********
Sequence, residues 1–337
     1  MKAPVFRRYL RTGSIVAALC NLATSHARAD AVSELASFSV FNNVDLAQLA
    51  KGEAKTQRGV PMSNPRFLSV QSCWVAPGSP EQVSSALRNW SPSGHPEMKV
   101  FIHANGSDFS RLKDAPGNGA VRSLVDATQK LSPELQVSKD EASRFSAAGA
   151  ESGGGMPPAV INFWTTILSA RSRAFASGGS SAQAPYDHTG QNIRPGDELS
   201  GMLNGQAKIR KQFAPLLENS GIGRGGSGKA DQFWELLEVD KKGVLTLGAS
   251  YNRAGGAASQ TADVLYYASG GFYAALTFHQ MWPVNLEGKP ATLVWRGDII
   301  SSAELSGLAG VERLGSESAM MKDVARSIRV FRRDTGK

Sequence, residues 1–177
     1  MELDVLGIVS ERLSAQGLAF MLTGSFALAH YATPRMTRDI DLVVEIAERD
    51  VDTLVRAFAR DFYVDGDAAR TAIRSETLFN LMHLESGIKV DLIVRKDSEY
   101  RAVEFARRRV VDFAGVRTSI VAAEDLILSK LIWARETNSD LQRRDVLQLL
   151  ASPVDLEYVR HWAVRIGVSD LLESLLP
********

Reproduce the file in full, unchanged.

Sequence, residues 1–337
     1  MKAPVFRRYL RTGSIVAALC NLATSHARAD AVSELASFSV FNNVDLAQLA
    51  KGEAKTQRGV PMSNPRFLSV QSCWVAPGSP EQVSSALRNW SPSGHPEMKV
   101  FIHANGSDFS RLKDAPGNGA VRSLVDATQK LSPELQVSKD EASRFSAAGA
   151  ESGGGMPPAV INFWTTILSA RSRAFASGGS SAQAPYDHTG QNIRPGDELS
   201  GMLNGQAKIR KQFAPLLENS GIGRGGSGKA DQFWELLEVD KKGVLTLGAS
   251  YNRAGGAASQ TADVLYYASG GFYAALTFHQ MWPVNLEGKP ATLVWRGDII
   301  SSAELSGLAG VERLGSESAM MKDVARSIRV FRRDTGK

Sequence, residues 1–177
     1  MELDVLGIVS ERLSAQGLAF MLTGSFALAH YATPRMTRDI DLVVEIAERD
    51  VDTLVRAFAR DFYVDGDAAR TAIRSETLFN LMHLESGIKV DLIVRKDSEY
   101  RAVEFARRRV VDFAGVRTSI VAAEDLILSK LIWARETNSD LQRRDVLQLL
   151  ASPVDLEYVR HWAVRIGVSD LLESLLP